Anyway, we can speculate all we want but the truth is markrosy has concerns that can't be resolved by people on a travel forum. There is a common sense answer to this. Markrosy should address those concerns with the owner or rental agent.

Regardless of what markrosy's legal rights may be let's put things in perspective. We are talking about a two week rental. Let's assume that for what ever reason a few weeks prior to scheduled arrival markrosy finds out the house is not available for rental in June. Let's also assume markrosy receives a full refund of any deposits paid. That leaves markrosy with some out of pocket expenses for airline tickets and no place to stay. What recourse does markrosy have? He/she could hire a lawyer and spend lots of time and money trying to get compensated for the cost of the airline tickets (assuming he/she does not take the trip) or if he/she did take the trip markrosy could try to recover the difference between the original rental cost (less any refunds) and the cost of additional compensation. All of this leave markrosy without a stress free vacation. Since markrosy is aware of a potential problem it would behoove him/her to read the rental agreement now rather than wait until a problem occurs.
A_Traveller is offline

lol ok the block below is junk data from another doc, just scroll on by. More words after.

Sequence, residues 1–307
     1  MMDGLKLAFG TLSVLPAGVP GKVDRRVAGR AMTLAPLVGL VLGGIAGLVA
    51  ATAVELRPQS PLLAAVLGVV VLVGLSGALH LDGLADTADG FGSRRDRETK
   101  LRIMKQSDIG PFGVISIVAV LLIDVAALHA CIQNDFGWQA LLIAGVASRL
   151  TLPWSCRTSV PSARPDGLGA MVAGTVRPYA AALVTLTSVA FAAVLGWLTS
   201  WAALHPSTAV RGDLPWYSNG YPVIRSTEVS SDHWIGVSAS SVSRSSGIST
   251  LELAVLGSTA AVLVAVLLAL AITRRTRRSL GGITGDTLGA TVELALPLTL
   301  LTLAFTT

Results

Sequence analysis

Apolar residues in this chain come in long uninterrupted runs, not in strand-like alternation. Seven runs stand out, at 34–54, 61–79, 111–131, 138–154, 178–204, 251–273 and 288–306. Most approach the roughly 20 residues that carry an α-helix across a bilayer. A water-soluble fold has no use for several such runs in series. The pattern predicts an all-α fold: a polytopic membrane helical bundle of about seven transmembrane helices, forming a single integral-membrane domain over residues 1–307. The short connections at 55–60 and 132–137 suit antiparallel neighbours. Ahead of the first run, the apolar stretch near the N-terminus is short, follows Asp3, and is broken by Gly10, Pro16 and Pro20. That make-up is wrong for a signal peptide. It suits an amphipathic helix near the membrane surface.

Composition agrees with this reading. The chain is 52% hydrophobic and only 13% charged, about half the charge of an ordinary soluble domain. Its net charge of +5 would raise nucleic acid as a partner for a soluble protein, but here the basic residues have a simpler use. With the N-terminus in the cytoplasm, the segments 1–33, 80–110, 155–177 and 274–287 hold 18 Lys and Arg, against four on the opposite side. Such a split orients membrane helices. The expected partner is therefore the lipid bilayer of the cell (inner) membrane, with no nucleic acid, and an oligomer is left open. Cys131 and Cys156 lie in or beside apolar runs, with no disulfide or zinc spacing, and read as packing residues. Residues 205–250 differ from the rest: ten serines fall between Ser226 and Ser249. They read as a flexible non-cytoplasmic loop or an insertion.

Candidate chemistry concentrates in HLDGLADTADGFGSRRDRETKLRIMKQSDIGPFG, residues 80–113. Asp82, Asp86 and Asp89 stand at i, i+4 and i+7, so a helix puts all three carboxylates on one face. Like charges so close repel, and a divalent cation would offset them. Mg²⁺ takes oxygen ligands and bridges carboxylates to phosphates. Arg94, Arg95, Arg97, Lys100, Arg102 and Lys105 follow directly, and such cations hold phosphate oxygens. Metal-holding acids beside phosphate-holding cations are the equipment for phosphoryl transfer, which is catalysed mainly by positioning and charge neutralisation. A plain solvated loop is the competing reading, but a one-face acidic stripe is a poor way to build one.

Jan 20th, 2008, 09:13 AM
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Thanks for the replies everyone - I have broached the subject with the owner and the ad was simply the one that the agent used when SHE bought the house two years ago. The agent has not deleted the page. Again, confirms to me what a waste of space many agents are in many commercial situations - over time I have come to become annoyed with the function of many agents.

Does still pose an interesting question and was faced with a similar situation in Canada last summer.

BTW the house that we are booking is Green Bananas in The Abacos - it would appear to have dropped from heaven!
markrosy is offline  
Jan 20th, 2008, 09:37 AM
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A_Traveller - As a real estate developer who regularly puts property under contract with owners, I don't disagree with the general points you make regarding her concerns. I can only speak to the US law and presume most law-abiding countries would follow a common law principle.

If the Owner has signed a legally binding contract, that contract passes on to the next owner regardless of moving in or not. Simply put that's US law.
Kool_Aid_Salesman is offline